The Prime Minister is urging people back to their workplaces, but unions and many organisations are sceptical. So should the public sector be leading the return, or is home working here to stay?
The coronavirus has impacted everyone's working lives, in different ways – but for many people the biggest shift has been away from the office. Virtual meetings may be a decent way to stay in touch, but they just can’t replace the collaboration and professionalism of an office long-term. Or can they?
The Prime Minister doesn't seem to think so. Since July, he has been urging people to “go back to work if they can” – but his pleas seem to have gone unnoticed even by many government departments. Just 94 civil servants crossed the threshold of the Home Office’s 800,000 sq ft building on the first Wednesday of August. Since then, Whitehall has published guidance admitting that numbers of staff at their desks will “initially remain low compared to our normal capacity”.
Unsurprisingly, tensions are rising. On the one hand, evidence suggests that many employees are growing disillusioned with makeshift home offices and are now keen to get back to proper workplaces and normal work-life boundaries. City centre shops and restaurants are also sorely missing the trade of office workers.
Yet on the other hand, there are those who remain fearful of a return, and in particular of a second wave of COVID-19. The GMB Union recently found that 95% of the 3,500 workers it polled were worried about picking up the virus at work. The 200,000-strong Public and Commercial Services Union (PCS) is actively lobbying against any non-essential office working, as one of its five tests for safe working.
Official Civil Service policy is that each department will now consult with its own employees and come to its own decisions. A government spokesperson told Boundless: “We are consulting closely with employees on ending the default that civil servants should work from home, so that civil servants can return safely.”
Returning safely may mean a raft of new precautions in offices, such as limiting meeting times and maintaining social distance between colleagues. Those on the stay-at-home side of the argument argue that that will erode the key benefit of office working: the immediacy of collaboration and a shared sense of culture and purpose.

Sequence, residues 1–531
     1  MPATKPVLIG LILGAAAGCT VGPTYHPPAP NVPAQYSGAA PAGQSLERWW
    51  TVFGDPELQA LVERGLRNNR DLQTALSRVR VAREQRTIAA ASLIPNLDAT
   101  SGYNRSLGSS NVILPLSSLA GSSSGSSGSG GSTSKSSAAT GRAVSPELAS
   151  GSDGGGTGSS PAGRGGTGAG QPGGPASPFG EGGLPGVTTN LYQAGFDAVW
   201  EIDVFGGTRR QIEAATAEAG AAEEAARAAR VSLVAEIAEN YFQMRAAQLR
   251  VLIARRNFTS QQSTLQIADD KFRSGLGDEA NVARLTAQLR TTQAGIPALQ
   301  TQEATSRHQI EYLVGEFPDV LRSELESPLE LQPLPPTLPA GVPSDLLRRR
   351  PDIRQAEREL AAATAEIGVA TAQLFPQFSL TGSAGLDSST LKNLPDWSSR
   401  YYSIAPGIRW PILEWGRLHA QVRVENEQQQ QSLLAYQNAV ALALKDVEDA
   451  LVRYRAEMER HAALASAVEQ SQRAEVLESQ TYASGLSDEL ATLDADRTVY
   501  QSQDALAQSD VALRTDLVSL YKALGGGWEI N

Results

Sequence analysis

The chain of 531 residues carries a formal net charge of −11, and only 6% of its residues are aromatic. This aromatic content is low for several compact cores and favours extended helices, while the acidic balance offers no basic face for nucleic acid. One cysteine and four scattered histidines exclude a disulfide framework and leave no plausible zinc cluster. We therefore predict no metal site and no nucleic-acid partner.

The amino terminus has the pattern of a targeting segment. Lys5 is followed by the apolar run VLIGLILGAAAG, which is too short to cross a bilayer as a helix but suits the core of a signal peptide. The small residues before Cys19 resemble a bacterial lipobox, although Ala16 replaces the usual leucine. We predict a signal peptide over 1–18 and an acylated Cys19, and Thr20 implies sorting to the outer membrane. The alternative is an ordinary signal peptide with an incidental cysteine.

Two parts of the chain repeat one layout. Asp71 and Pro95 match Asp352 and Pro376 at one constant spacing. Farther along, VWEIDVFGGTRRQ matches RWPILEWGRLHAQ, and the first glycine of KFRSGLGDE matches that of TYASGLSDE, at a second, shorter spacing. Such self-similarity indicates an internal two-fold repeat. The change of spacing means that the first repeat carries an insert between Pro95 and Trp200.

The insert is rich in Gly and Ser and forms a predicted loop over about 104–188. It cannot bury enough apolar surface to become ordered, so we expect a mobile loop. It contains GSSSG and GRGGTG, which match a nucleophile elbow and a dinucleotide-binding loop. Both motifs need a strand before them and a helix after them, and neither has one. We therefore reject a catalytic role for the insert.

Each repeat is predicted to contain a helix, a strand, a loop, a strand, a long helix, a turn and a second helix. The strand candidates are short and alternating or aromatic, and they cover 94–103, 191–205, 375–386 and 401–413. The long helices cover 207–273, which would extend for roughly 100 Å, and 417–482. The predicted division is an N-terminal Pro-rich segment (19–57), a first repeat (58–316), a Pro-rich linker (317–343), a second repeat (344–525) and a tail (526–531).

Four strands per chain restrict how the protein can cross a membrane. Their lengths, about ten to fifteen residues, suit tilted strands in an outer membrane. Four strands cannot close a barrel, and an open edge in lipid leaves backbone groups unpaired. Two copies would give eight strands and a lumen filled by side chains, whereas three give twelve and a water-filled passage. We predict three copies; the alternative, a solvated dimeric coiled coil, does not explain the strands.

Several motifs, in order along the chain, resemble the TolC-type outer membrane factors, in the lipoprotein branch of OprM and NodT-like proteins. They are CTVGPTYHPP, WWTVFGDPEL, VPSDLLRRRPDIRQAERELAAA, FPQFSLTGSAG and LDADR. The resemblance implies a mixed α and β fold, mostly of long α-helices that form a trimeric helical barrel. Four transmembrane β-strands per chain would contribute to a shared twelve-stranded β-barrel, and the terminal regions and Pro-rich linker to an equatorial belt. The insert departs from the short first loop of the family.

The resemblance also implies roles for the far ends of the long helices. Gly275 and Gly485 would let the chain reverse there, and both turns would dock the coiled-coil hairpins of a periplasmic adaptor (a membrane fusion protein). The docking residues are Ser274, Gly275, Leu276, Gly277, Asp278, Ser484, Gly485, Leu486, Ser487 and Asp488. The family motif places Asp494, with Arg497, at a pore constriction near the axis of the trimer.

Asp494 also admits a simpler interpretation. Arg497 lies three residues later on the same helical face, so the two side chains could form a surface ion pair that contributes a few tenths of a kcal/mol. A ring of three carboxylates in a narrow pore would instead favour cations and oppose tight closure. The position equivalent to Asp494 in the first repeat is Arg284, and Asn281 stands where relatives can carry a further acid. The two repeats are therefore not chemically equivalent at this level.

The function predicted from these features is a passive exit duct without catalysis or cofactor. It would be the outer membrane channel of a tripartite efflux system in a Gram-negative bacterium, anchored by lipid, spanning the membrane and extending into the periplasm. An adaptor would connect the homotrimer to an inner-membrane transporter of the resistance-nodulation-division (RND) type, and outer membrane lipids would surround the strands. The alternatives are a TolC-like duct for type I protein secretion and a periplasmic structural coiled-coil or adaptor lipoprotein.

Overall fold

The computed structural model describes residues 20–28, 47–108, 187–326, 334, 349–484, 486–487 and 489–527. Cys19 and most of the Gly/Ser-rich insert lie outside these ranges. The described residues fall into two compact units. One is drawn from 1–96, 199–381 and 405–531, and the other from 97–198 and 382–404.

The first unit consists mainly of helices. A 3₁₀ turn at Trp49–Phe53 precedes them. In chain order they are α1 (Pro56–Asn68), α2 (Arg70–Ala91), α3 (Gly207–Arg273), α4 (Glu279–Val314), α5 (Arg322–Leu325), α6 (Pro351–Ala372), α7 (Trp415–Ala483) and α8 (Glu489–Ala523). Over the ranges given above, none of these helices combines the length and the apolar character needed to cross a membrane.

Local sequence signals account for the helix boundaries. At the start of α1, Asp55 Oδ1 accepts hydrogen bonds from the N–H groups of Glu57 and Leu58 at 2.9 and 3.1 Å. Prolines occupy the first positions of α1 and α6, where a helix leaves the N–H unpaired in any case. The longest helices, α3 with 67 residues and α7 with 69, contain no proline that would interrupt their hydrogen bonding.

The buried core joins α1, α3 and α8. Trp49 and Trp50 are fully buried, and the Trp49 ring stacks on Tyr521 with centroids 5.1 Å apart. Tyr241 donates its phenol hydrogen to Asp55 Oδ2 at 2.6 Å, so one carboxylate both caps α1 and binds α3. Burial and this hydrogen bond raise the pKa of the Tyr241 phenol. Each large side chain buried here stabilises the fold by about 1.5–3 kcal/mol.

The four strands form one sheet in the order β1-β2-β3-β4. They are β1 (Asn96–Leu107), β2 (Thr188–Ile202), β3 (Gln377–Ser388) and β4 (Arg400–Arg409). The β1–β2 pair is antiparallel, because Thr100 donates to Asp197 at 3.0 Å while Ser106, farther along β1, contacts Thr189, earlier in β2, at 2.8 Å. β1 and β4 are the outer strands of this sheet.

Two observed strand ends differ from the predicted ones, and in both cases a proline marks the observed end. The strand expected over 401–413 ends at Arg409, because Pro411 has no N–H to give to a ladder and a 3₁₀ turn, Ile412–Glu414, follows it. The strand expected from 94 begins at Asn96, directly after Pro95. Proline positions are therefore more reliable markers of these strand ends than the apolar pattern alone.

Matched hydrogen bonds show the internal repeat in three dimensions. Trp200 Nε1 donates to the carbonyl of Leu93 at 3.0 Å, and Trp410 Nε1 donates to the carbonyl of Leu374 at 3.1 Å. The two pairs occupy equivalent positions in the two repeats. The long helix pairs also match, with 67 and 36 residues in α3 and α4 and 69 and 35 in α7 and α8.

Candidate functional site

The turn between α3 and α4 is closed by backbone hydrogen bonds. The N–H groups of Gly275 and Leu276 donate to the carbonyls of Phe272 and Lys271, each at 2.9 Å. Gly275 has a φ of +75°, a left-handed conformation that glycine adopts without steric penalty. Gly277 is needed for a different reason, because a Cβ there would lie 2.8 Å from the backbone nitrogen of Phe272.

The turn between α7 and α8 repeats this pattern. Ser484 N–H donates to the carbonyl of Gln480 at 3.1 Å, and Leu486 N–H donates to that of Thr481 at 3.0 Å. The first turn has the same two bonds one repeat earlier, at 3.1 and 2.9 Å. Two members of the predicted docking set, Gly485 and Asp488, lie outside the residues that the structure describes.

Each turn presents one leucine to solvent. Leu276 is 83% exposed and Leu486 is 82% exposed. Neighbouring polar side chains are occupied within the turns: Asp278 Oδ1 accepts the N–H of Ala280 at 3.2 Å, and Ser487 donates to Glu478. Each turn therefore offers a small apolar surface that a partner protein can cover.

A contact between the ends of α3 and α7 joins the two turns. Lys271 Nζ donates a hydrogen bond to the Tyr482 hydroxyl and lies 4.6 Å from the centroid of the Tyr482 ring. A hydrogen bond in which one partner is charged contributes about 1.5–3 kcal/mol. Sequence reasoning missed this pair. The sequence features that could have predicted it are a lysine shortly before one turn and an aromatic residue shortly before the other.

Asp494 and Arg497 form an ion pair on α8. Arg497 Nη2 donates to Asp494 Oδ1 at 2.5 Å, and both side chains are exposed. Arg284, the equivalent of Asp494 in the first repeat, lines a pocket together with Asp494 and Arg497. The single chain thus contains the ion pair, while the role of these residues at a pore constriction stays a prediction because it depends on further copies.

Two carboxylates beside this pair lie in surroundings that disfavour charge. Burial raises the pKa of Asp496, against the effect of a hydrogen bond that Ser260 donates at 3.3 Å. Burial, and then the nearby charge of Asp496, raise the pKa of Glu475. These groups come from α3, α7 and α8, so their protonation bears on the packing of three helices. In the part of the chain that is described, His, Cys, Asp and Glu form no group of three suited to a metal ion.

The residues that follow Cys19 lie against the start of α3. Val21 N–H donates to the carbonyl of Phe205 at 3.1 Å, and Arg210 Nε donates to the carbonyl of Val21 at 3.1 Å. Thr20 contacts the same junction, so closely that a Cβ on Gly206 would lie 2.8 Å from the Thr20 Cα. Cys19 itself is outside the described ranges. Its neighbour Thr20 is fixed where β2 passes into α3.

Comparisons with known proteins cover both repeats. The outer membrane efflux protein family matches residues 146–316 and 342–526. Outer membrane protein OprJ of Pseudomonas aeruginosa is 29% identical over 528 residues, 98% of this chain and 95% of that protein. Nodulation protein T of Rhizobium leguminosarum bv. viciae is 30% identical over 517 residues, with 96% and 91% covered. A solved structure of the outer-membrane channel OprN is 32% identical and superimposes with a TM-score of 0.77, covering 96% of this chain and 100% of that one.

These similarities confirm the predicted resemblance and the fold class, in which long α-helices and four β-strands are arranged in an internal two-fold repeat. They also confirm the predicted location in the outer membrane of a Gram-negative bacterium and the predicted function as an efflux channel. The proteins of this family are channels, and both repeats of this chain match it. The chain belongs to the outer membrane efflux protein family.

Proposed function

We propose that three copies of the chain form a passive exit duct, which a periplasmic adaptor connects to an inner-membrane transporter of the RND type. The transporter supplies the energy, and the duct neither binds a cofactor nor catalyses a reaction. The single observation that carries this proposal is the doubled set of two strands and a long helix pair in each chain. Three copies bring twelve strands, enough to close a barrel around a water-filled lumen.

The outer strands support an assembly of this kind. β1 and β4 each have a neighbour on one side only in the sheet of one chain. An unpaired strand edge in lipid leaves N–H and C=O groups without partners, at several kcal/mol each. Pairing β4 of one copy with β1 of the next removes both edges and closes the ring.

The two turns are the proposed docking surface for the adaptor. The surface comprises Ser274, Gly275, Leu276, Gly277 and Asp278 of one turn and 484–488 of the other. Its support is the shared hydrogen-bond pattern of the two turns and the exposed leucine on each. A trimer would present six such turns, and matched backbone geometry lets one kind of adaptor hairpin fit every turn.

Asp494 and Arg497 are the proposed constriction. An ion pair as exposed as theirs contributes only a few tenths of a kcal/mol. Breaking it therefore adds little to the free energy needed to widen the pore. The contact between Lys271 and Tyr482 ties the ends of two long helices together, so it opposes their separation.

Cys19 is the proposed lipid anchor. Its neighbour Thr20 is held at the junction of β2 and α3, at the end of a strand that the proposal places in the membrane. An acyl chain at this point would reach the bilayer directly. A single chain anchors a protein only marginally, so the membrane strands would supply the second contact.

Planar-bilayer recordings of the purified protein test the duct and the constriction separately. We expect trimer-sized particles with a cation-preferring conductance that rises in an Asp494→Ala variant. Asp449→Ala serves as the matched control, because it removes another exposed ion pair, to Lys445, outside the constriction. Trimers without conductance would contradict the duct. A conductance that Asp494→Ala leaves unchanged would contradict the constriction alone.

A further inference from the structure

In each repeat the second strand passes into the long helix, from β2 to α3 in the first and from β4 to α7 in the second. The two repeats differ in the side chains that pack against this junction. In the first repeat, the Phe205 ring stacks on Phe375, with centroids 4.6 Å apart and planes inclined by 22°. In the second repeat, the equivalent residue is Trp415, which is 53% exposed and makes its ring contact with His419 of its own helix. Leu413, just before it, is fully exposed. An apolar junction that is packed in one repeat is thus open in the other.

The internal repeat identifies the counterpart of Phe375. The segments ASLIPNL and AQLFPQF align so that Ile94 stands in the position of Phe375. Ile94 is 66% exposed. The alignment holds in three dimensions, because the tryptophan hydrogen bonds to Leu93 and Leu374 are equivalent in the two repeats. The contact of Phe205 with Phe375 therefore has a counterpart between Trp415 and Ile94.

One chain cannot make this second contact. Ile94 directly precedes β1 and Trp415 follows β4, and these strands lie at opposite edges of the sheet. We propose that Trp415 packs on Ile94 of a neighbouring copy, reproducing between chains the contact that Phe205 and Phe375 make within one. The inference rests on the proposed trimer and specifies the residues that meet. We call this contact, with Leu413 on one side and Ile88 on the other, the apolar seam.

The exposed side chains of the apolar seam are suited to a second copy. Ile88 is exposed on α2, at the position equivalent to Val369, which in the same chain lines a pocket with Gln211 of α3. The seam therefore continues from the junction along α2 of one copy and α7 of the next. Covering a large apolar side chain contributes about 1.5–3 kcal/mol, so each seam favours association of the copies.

What’s more, many feel that the case for home working has now been proven. The government spokesperson continued: “Civil servants have worked throughout the coronavirus pandemic, and have made significant, valuable contributions towards the national effort.”
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The local councils’ view
A number of local councils are taking a similar line. Lincolnshire County Council has recently extended working from home till the end of the year. CEO Debbie Barnes said: “The majority of our staff have been working very effectively from home since the pandemic and restrictions began back in March, and we are confident they can continue to provide an excellent service from home.”
Meanwhile, Lewisham Council recently announced that it wouldn’t be asking most staff to return to the office until spring 2021. Its HR spokesperson said: “Like many organisations, the council has had to carefully weigh up the benefits and risks of returning to the office, balancing service delivery priorities with the need to protect staff’s health and wellbeing.”
For some councils, it’s a question of personal preference. Hartlepool Council’s CEO Gill Alexander said: “While many officers like working from home, there have been others where it just hasn’t worked for them. Extroverts actually need people around to keep them stimulated, and we have to recognise that not everyone’s the same.” The council is now looking at how more people can access the office if they want to.
Will work culture suffer?
One key concern about long-term home working is its potential effect on culture. Will organisations start to lose their purpose and identity if people aren’t physically together? According to recent research by Culture Shift, no – at least not so far. 29% of workers said that they feel more motivated at home, 54% said that home working has improved their work-life balance, and complaints of bullying or harrassment have dropped by 10%. Nearly a third of workers (29%) said that they receive fewer passive-aggressive comments now.
“These findings do fly in the face of perceived wisdom that the office is a better place to meet, congregate, exchange ideas and get on,” said Culture Shift CEO Gemma McCall. “However, I do believe that people are still in the honeymoon period of home working. Overheard conversations, people adding their contribution – these are the kind of things that will, I sense, start to be missed.”
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